Spotlighting Lyme's Volunteers
Saturday 1 - Friday 7 June is National Volunteering Week, a national-wide celebration of the amazing contributions that volunteers make to organisations like the National Trust. A few of our volunteers in roles from drivers to rangers shared their stories of why they choose to come to Lyme
Kate has been a retail volunteer for 2 years, helping our staff in the shops
I started with volunteering in 2012 with the Olympics and the Para-Olympics. But I really wanted to do something different to the sport stuff, and the National Trust and Lyme has provided that for me – it’s a lovely place with lovely people.
Tony has been volunteering at Lyme for 7 years, and is a Courtesy Vehicle Driver for our free onsite minibus
I’d just retired, so I was looking for something to volunteer at. I think, when I came here, the thing that the National Trust is very good at is the way it interacts with volunteers and looks after them, and that’s what attracts you to stay.
Stuart, who has volunteered at Lyme for the past 5 years, is also a Courtesy Vehicle Driver for the shuttle buggy, and a Buildings Maintenance Volunteer
It was my wife, really… I’ve been retired 17 years now, so after 12 years, I think she wanted a bit of space at home! And we saw the advert for the Open Day and she said ‘Oh, why don’t you go and have a look and think about volunteering one day a week.’ So I came and I liked it so much. Then when the buggy stopped running in October I went to see Phil [the Estate Buildings Foreman] and I got on the Buildings team for the winter and I’ve been doing two days there ever since.
The winter job, it’s using my knowledge to be able to make a positive help to the National Trust, and I’ve found the people I work with are a really good solid team. We have a good laugh, I really enjoy it, and it gets me out. When you retire, you think, well, what can you do with your life and so you think, I’ll go give something back to a charity. And coming here is lovely. My wife calls it my second home!
Elaine has volunteered for 4 years, as a Room Guide, Conservation Assistant and Book Conservation Assistant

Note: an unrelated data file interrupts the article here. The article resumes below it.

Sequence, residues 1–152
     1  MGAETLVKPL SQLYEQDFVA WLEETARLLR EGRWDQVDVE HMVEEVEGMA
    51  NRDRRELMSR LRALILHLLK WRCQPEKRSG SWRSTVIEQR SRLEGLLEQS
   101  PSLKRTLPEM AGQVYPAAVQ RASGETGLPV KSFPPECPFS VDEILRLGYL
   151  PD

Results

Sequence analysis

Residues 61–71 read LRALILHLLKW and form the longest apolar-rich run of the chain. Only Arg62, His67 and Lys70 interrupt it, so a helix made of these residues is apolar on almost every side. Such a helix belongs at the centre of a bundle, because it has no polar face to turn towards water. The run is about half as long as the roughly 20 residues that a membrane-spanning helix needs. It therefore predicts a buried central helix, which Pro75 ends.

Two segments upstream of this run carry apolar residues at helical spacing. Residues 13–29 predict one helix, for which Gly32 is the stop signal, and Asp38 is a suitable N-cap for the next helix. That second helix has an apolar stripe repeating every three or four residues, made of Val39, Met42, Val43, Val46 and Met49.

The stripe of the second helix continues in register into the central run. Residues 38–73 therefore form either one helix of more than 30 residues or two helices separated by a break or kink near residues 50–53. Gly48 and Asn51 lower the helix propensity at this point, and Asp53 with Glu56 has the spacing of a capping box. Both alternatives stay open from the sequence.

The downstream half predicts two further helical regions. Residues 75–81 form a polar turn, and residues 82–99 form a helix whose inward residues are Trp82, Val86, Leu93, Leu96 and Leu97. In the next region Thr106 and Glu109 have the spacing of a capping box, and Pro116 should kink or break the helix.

I used to come as a child and I’ve always liked coming up to Lyme. I visit various National Trust properties and I always thought I’d like to be a room guide. I’m interested in history as well – I wanted a change because I used to work in science and history gives me other interests.
Book condition reporting was a move on from conservation work. I’ve always been interested in books, and the books in here are so interesting. I love it, I feel so privileged to be able to get hold of the books and touch them and look at them - I really enjoy doing that.
Meanwhile, some of our ranger volunteers can often be found at Lyme early in the morning, conducting a moth survey, as well as walking transects in the park to count butterflies. David and Andrew told us a little more about this conservation work.
[David] Lyme is really important because in North-East Cheshire there is no other habitat like it where you have a managed wild area on a large scale, containing a variety of habitats that have been, as far and butterflies and moths are concerned, largely unmonitored.
[Andrew] I started volunteering here because I discovered a butterfly called the White Letter Hairstreak, which apparently hadn’t been recorded here before, in Cluse Hey, and it was through David that I got involved with volunteering, and in particular the transect walks themselves; the transect in Cluse Hey was subsequently set up because of that.